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Skaldic Poetry of the Scandinavian Middle Ages

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Anon (ÓT) 2I/6 — Harð ‘of Harð’

Of fjarri stendr errinn
— ormr brunar døkkr at nǫkkva —
hôr með hyggju stóra
hlýri minn ok vinnur.
Ef værim hér hárir
Harðráðs synir báðir
— snákr skríðr, þars brim blíkir —
brœðr tveir, né þá flœðim.

Hôr errinn hlýri minn með stóra hyggju ok vinnur stendr of fjarri; døkkr ormr brunar at nǫkkva. Ef værim hér, báðir hárir synir Harðráðs, tveir brœðr, né flœðim þá; snákr skríðr, þars brim blíkir.

My tall, bold brother, with [his] great mind and achievements, stands too far off; the dark serpent rushes towards the boat. If we had been here, both the grey-haired sons of Harðráðr, two brothers, we would not have fled then; the snake glides where the surf glistens.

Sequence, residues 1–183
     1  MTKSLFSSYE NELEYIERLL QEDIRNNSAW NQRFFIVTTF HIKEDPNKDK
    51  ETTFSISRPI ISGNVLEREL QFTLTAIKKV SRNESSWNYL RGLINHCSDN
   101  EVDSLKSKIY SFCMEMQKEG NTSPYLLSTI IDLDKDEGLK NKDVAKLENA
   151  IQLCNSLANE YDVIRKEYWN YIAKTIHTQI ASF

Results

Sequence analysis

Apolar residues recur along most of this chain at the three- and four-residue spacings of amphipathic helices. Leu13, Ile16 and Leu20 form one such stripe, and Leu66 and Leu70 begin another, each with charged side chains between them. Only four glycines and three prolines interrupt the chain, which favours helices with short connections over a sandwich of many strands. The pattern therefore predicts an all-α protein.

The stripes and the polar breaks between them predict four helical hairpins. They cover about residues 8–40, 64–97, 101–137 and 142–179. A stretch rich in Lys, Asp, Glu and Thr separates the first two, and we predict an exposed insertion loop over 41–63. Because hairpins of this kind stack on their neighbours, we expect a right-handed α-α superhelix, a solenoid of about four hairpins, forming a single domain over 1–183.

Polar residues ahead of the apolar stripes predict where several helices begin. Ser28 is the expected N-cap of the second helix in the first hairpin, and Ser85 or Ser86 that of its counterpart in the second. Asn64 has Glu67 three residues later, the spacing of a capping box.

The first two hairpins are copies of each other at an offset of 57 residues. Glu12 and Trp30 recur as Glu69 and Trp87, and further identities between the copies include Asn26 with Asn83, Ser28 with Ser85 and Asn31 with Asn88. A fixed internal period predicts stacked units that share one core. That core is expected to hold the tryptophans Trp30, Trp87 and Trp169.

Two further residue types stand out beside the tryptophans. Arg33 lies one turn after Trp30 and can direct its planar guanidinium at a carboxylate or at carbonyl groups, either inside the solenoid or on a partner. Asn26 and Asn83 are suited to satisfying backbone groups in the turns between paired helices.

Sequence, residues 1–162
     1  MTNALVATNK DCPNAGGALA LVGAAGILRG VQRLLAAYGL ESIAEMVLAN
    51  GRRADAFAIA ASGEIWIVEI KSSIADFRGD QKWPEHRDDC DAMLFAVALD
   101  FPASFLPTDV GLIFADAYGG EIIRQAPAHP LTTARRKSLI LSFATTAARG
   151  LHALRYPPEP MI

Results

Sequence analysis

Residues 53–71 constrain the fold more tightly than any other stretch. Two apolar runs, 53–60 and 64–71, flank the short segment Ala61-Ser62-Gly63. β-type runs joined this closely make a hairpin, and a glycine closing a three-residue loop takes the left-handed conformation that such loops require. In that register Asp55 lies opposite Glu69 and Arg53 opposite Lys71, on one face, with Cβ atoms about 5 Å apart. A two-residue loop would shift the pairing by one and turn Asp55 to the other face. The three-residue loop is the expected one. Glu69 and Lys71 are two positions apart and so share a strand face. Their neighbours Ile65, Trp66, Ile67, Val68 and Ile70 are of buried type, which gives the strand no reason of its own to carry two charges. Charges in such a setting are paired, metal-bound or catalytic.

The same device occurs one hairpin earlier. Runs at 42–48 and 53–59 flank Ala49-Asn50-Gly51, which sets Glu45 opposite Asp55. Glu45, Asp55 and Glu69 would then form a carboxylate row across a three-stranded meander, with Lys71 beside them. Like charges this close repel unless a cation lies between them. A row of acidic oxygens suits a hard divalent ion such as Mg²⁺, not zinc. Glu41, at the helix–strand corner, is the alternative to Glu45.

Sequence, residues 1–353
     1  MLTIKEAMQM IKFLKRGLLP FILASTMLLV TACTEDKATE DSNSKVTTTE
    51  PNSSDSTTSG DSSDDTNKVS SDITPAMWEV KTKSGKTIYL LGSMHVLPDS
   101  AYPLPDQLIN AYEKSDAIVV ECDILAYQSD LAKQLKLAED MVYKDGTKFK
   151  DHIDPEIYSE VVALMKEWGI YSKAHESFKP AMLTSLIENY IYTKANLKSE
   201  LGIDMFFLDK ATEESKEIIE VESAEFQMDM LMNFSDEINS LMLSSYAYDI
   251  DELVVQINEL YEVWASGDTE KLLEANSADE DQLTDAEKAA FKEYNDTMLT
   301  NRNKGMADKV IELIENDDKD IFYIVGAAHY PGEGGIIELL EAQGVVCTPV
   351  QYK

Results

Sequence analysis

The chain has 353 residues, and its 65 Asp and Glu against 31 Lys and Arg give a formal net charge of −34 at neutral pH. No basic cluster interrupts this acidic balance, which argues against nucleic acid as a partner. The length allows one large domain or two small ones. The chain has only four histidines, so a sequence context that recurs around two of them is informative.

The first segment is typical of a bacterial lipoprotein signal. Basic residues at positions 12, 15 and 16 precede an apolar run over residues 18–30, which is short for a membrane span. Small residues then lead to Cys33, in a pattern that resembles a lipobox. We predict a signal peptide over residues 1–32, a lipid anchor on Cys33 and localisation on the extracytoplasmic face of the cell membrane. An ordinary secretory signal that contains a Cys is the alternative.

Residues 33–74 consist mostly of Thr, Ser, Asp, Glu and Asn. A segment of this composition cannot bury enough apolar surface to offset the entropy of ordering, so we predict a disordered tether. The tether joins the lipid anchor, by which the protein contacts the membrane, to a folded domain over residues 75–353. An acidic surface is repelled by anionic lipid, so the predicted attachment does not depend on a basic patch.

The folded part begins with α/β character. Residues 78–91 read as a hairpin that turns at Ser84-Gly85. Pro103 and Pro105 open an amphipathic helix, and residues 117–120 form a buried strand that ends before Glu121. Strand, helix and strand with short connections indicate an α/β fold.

[6] Harð‑: her‑ 62


[6] Harðráðs ‘of Harðráðr’: Attested elsewhere both as a nickname meaning ‘Hard-rule’, most famously of King Haraldr Sigurðarson, r. 1045-66, and as a proper name (Unger 1877, I, 661, though it is Latinized as Harderadus and the context is a translation of the vita of S. Maurus). Previous eds, with the exception of Fms, prefer 62’s Herráðs ‘of Herráðr’, but there is no reason to discard the majority reading. It is uncertain whether Harðráðr is a man or a giant, but the name resembles the giant-names Harðgreipr (Þul Jǫtna II 1/7III) and Harðverkr (Þul Jǫtna I 2/1III), and other circumstances might indicate a giant (see Introduction).



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